1. Open $PTII/ptolemy/verification/demo/SimpleTrafficLight/SimpleTrafficLightSMVModule.xml
  2. You can open the PedestrianLightSMV actor, and you can find some code written in formats acceptable by SMV.
  3. Double click on the MathematicalModelConverter (Pink color)
    ! EF (CarLightNormal.state = Cgrn & PedestrianLightSMV.state = Pgreen)
    You may want to copy and paste the above line; it would be a lot faster than typing it.
  4. Perform the verification.

Another example: Railroad control

Another example can be found in $PTII/ptolemy/verification/demo/RailroadControl/RailroadControl.xml.

A larger example in robotic controller design (reactive control)

A relatively larger example can be found in $PTII/ptolemy/verification/demo/iRobotHillClimbing/iRobotCreateVerification.xml. Note that this model is not intended for simulation but only to illustrate the verification capability.

Real Time Maude code generation and verification

A simple example that use the Ptolemy II code generator to generate Real Time Maude may be found at $PTII/ptolemy/demo/SimpleTrafficLight/SimpleTrafficLightRTMaudeCG.xml.

An example that shows the capability to generate models acceptable by the Real Time Maude tool, and how these models can be verified using this tool, can be found in ($PTII/ptolemy/codegen was removed between Ptolemy II 8.0 and 10.0)

Installing NuSMV

Install NuSMV by downloading from its website.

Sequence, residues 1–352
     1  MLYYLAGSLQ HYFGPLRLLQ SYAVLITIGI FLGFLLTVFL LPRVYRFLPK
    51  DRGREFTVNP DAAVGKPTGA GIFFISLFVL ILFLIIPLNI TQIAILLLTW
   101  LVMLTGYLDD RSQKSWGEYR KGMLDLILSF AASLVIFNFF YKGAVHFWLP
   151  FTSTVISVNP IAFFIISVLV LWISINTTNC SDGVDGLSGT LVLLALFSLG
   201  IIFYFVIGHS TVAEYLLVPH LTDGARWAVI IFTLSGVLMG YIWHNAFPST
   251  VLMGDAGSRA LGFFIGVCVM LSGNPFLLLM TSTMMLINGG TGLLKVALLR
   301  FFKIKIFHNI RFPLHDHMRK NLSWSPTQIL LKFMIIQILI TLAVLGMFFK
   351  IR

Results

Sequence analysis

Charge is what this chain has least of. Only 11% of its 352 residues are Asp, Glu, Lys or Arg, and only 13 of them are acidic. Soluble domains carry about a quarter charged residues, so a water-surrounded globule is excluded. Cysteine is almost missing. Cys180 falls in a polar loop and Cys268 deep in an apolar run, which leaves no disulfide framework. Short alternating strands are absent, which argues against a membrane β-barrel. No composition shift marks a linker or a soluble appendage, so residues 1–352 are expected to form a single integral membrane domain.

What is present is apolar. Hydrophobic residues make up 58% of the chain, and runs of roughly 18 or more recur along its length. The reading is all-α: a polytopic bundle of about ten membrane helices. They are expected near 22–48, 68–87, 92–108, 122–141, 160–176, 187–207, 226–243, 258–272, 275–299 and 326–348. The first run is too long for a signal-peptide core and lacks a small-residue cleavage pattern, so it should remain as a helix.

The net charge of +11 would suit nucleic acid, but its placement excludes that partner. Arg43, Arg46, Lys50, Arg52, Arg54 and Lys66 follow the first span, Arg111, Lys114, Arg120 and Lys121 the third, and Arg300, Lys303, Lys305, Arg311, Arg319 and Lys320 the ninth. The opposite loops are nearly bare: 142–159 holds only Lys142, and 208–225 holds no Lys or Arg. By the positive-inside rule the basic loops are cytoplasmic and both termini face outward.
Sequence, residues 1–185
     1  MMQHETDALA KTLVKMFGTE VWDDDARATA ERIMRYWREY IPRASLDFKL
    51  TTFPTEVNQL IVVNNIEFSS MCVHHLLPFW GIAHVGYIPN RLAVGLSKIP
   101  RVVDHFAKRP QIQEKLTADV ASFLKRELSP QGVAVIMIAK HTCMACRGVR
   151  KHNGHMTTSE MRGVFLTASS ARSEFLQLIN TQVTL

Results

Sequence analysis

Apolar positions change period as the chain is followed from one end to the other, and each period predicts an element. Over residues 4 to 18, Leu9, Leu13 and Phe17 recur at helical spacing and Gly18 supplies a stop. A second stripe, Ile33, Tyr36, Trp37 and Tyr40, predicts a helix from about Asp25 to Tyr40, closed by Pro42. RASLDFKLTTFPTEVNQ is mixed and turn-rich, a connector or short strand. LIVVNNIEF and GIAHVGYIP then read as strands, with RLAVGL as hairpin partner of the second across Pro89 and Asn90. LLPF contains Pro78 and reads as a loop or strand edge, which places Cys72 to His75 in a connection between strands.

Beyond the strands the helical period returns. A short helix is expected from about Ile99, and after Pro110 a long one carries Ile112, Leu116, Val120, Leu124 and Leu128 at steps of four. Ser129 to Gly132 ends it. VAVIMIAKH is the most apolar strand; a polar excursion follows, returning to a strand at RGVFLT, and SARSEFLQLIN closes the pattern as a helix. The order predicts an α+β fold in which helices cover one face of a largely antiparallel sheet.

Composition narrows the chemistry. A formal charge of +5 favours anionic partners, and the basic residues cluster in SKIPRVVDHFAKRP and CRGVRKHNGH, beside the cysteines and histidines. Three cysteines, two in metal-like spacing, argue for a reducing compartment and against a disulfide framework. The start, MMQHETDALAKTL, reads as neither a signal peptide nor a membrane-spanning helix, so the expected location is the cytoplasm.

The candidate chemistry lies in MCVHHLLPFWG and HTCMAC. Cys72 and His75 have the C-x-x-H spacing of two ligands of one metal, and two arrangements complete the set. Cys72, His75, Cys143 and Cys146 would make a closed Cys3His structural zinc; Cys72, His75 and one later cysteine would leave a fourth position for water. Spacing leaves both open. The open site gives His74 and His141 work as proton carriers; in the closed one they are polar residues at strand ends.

For Mac OS X 10.8, see

For Mac OS X 10.7, try Mac Ports. After installing Mac Ports, try

sudo port install nusmv
This should create /opt/local/bin/nusmv.

Installing REDLIB (RED 7.0)

Install RED 7.0 by downloading from its website

Installing Real Time Maude

Install Real Time Maude by downloading from its website.

Integrating verification engines using the EmbeddedCActor

To perform full integration of verification process, we also experiment how to embed verification engines into the Ptolemy II architecture. Currently we are able to integrate NuSMV into Ptolemy II, where code modification is minor (<100 lines + 1 file renaming). The core technique is to use EmbeddedCActor instead of using Java Native Interface directly (it is relatively complicated for C++ programmers to learn Java and JNI). Therefore, for researchers willing to use Ptolemy II as their front-end, this offers excellent guidance.


  1. This is a highly preliminary code generator facility, with many limitations. It is best viewed as a concept demonstration. Currently it may analyze a single FSMActor, and a system consisting of multiple FSMActors or ModalModels (with state or SR refinement) interacting with SMVLegacyCodeActors in the SR domain. For models in the DE domain, we also perform preliminary experiments, see $PTII/ptolemy/verification/demo/SimpleTrafficLight/SimpleTrafficLightDECTA.xml
  2. We find some examples having minor problems executing under NuSMV while they are executable under SMV. These problems can be easily fixed: the instructions in the corresponding model files show how to do this. Our preliminary diagnosis is that there are small syntactic differences between SMV and NuSMV.
  3. The DE conversion mechanism in adapts current implementation of DE semantics and disallows the use of super dense time; the semantics is slightly different compared to the semantics specified in the technical report:

    Chihhong Patrick Cheng, Teale Fristoe and Edward A. Lee, Applied Verification: The Ptolemy Approach, EECS Department University of California, Berkeley Technical Report No. UCB/EECS-2008-41 April 19, 2008